"We were thinking a lot about the Austrian-Hungarian empire from the 19th century.
A random railway station somewhere in the middle of Europe. "
Bar Central, Stockholm 2011: designed Uglycute
Uglycute. How did a name like that come about?
Uglycute is from the beginning a direct translation of a Swedish expression describing a person or an object that is not necessarily beautiful but fascinating. This has for us developed into a method for us where we try to look for beauty in unexpected places. To dare to open the wrong door in your head in order to surprise yourself. To avoid your own good taste that's blocking the way. As a designer you are always running the risk of getting stuck in old familiar patterns and ideas about beauty and we tend to forget that beauty is a concept in constant movement. Our job is to define new beauty otherwise there is no point with the profession.
Talk about concept, the food they serve, and did that influence any of your decisions in designing this restaurant?
They serve food from central Europe. Think Hungaria, Bavaria and the northern part of the balkans. We were thinking a lot about the Austrian-Hungarian empire from the 19th century. A random railway station somewhere in the middle of Europe. There is also a Tintin cartoon that takes place in a fictive Central European country called Slavonia. We where looking to find the same feeling of an imaginary lost period.
How long did this project take to complete from the original concept?
How do you go about selecting materials for a project?
We often start with the material when we design. We try out different combinations to get the right feel to it. We have worked a lot with masonite in the past. It is an old Swedish patent from the 30's that was high tech back then but now is regarded as a "cheap" material. The idea of letting it clash with a more exclusive material like brass was interesting to us as designers.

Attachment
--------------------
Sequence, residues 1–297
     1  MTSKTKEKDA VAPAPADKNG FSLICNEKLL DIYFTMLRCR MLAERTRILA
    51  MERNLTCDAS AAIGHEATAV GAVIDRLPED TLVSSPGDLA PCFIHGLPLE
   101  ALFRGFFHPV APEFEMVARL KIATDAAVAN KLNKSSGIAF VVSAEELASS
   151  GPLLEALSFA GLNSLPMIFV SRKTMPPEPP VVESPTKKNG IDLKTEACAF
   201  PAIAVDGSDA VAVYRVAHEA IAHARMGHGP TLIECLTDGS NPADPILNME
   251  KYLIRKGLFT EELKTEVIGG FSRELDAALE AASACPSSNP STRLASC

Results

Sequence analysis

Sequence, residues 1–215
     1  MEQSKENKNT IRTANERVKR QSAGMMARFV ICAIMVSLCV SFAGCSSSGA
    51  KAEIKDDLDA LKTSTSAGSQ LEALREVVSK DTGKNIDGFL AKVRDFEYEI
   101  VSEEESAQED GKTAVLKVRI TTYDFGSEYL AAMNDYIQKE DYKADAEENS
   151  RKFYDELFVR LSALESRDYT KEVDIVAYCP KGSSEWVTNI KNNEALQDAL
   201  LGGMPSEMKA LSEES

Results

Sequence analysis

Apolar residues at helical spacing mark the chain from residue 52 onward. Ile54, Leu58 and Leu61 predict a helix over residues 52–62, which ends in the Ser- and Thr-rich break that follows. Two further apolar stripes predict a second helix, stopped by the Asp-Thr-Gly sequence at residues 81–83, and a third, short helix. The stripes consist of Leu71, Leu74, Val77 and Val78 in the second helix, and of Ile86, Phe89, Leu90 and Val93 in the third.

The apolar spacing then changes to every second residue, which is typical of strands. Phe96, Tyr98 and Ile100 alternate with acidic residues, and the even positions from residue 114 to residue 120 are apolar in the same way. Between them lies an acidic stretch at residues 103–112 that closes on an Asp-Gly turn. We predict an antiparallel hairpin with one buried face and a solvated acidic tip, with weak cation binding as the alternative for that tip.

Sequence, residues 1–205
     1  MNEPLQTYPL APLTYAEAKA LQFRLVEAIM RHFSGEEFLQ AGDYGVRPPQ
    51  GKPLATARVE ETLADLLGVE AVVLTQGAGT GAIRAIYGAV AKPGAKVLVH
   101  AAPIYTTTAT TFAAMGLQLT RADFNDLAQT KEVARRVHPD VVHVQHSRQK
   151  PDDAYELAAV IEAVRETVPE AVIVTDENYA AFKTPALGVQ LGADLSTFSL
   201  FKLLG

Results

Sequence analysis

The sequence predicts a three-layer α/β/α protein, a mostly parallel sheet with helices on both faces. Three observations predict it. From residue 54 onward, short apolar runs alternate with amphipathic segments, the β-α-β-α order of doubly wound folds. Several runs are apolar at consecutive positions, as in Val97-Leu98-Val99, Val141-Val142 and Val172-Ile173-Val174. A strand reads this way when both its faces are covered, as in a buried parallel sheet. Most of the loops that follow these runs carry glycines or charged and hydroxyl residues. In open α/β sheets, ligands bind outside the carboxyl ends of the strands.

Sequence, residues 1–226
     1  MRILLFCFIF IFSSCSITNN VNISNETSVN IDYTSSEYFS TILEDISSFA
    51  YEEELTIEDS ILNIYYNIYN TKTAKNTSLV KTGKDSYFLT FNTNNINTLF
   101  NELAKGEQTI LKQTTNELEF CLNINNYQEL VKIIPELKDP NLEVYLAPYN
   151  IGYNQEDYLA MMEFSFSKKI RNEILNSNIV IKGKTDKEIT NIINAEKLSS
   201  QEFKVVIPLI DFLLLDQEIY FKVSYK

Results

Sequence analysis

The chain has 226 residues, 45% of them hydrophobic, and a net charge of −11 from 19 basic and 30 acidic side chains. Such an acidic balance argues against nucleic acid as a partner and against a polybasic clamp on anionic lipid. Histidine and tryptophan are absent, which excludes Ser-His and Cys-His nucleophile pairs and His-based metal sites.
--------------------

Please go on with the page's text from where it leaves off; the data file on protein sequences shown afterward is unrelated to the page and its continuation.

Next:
The floor design and materials?
The floor in the bar section is green and white terrazzo from Italy layed in a zigzag pattern. The inspiration for this came from the Chrysler building, that opened the same year as the building the restaurant is in was built. The antiquarian approach was another important design idea along with the Central European one. We wanted it to look as the floor had always been there, that it felt natural for a building from that time. In the dining room we kept an existing oak floor that we discovered during the renovation. And the material of brass. I'm obsessed with brass at the moment in design, mixed with the masonite board.
Designed by Lars Stensö : Staple is a stool. The name reveals that it’s stackable. Staple is a beautiful alternative to the folding extra chairs and it goes perfect with the Shaker table.
Who designed the bar stools? How did this collaboration come about?
The chairs and stools are designed by Lasse Stensö, an old professor to us at the design academy. We have been fans of his work for a long time. His work has never been in production though, and therefore a bit secret. Now his son, who is a friend of us, started this new company (Woodstockholm) and are producing some of his stuff. So it all seemed like the perfect match. We have done a lot of collaborating in the past. In this particular case we where able to change the material and color to Lasses furniture so that it matched the overall design concept.
What is the design community like in Stockholm?
That's a big difficult question. I would say that the talk of the town at the moment is the royalty system. New producers are emerging and designers are starting to take control of the production themselves as a result of the lousy royalty system where designers only get 5-7 percent. That only works if you sell big quantities but no one can compete with IKEA, who doesn't pay royalties to the designers by the way. They pay you once in the beginning, otherwise the designer would become a millionaire. The question is how to survive on a small production? Then you need a bigger share of the pie than 5-7 percent.
We are discussing a new restaurant with a client. Waiting for building permission for a public sauna in a recreational area outside Stockholm. We are also designing a new shop in London for Cheap Monday. Planning for our first separate exhibition in Sweden opening in february next year together with a book on our first ten years.
When did Uglycute as a design practice begin, and why?
We started out ten years ago with a small fanzine called Katsenjammer, German slang for hangover, that we handed out to friends. We did this as a reaction to a design climate in Sweden that we experienced as too quiet. Nobody was really talking about what they were doing and why. We thought that its better to say something, even if it's not so articulate, than to say nothing at all.
There where four of us from the beginning, me who was studying to become an architect, Andreas who was studying to become an interior architect, Jonas and Marcus who where studying to become artists. After a while we got our first exhibition in an arts and craft gallery called Agatha and the name Uglycute came about.
Uglycute:Kvarngatan 14: 118 47 Stockholm, Sweden
(Photos by Idha Lindhag)